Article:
NEW YORK (Reuters) - The U.S. dollar surged into positive territory for 2018 on Tuesday and broke past key levels against several currencies as a divergence between growth and the interest rate outlook versus other countries spurred investors to chase the currency higher.
The dollar, traded against a basket of major currencies, rose as high as 92.566, the highest since Jan. 10, before retracing to 92.454. The greenback is approaching this year’s high of 92.64 reached on Jan. 9. and is above the year’s open at 92.24.
“We’re pretty much back to where we were at the beginning of the year, so a lot of the dollar weakness has been pretty much wiped out,” said Sireen Harajli, foreign exchange strategist at Mizuho in New York.
The euro, which has been knocked by weaker-than-expected economic data and growing doubts about when the European Central Bank will normalize its monetary policy, fell 0.67 percent against the greenback to $1.1998 .
The U.S. economy has shown signs of strength in 2018 that few other developed economies can match.
Sterling extended losses on Tuesday to below the $1.37 line for the first time in 3-1/2 months after survey data showed British manufacturing growth sliding to a 17-month low.
Markets do not expect a change in interest rates from the Federal Reserve at the conclusion of its meeting on Wednesday, though analysts will be watching for any change in language and indications that a June hike is likely.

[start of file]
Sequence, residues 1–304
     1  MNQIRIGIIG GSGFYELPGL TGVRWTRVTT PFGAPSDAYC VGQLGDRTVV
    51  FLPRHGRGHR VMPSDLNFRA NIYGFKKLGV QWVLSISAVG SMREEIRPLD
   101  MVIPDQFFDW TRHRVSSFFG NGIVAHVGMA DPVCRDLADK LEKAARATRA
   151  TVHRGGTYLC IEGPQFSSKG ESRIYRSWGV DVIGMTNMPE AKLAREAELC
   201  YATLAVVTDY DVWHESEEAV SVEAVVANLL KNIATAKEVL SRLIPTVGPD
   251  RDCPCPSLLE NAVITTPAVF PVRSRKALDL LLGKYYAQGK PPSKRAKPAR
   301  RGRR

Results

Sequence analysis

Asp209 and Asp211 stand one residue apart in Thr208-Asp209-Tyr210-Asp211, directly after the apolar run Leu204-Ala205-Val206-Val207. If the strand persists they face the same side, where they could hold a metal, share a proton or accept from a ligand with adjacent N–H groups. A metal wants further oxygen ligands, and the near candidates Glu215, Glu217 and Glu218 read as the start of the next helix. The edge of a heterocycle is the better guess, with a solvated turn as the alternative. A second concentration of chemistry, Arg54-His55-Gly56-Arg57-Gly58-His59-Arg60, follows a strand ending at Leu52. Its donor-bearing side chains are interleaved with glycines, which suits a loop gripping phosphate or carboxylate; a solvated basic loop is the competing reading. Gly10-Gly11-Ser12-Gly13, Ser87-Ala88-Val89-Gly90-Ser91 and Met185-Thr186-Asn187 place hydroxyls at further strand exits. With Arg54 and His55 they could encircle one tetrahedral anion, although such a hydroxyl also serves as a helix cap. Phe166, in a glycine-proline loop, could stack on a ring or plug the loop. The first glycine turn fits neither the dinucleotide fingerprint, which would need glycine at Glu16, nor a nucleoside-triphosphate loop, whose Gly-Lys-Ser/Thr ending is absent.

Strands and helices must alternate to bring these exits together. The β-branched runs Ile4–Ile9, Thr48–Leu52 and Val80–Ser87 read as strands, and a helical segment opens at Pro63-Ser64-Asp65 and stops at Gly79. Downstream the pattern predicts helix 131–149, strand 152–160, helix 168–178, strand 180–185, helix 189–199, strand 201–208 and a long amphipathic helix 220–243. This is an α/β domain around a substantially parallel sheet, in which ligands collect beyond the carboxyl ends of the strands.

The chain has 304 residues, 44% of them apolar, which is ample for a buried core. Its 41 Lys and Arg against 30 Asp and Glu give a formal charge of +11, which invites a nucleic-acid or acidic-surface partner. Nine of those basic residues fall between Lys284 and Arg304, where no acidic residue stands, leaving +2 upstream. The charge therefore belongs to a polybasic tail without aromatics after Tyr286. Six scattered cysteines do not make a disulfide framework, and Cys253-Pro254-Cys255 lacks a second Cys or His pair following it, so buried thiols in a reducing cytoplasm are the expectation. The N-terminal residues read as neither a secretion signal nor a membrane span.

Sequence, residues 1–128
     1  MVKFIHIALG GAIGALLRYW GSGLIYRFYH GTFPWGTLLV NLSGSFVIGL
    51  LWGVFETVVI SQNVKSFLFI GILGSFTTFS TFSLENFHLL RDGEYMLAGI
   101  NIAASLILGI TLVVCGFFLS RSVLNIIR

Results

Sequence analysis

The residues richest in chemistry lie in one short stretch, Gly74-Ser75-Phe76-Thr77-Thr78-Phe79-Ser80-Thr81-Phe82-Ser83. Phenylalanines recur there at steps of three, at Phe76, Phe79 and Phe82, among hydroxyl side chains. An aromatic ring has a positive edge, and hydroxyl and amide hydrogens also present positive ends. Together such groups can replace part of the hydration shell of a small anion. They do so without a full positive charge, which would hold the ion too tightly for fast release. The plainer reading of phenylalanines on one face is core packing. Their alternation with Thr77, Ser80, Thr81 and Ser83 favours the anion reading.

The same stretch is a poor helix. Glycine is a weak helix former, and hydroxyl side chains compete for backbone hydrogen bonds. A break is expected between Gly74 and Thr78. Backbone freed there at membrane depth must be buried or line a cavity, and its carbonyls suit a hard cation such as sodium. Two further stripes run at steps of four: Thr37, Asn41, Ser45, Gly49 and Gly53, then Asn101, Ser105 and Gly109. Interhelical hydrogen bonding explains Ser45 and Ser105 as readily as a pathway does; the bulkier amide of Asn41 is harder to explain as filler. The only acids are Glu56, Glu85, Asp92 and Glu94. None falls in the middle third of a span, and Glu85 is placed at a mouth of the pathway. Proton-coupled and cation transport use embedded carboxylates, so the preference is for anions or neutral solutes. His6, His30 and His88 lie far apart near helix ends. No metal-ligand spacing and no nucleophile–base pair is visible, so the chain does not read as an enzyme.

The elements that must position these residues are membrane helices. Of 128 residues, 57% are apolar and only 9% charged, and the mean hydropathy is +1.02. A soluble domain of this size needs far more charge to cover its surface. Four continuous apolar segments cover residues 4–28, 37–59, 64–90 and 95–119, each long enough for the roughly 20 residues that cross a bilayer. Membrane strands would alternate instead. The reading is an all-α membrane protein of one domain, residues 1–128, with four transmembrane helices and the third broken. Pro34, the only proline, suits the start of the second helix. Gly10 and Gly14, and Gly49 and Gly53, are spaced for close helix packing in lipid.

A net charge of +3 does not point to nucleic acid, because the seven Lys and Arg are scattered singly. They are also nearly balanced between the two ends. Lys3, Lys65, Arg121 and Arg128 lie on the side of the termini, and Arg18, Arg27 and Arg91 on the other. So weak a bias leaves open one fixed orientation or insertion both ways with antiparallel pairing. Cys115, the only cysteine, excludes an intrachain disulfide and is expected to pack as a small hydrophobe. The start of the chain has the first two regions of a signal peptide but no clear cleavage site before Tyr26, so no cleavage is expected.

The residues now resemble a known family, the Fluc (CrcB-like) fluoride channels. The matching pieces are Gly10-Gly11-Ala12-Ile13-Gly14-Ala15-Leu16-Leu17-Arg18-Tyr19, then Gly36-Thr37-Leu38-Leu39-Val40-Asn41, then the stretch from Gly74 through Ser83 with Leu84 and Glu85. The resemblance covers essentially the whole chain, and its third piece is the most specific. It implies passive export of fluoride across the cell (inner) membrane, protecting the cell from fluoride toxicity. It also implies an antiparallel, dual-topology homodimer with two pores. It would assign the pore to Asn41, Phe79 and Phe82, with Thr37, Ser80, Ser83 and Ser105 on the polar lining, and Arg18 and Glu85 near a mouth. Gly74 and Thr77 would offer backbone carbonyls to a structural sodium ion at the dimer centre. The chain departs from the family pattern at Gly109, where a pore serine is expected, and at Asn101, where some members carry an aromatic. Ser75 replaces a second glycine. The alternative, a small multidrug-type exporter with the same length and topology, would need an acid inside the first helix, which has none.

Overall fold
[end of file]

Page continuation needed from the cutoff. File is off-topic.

Investors are also focused on Friday’s employment report for April for further indications of the strength of the U.S. economy and inflation pressures.
Data on Tuesday showed that U.S. factory activity slowed for a second straight month in April, weighed down by shortages of skilled workers and rising capacity constraints.
Geopolitical tensions, including around a U.S.-China trade spat, have also subsided in recent weeks to support the dollar.
“There was some concerns about the potential for trade wars and the U.S. administration’s hard line on China. That seems to have eased a little bit and given markets some sense of comfort,” said Harajli.
Traders said relatively illiquid markets because of holidays across much of Europe and parts of Asia had exacerbated moves on Tuesday.
(This version of the story corrects dollar-euro rate in fourth paragraph to $1.1998)
Additional reporting by Tommy Wilkes in London; Editing by Frances Kerry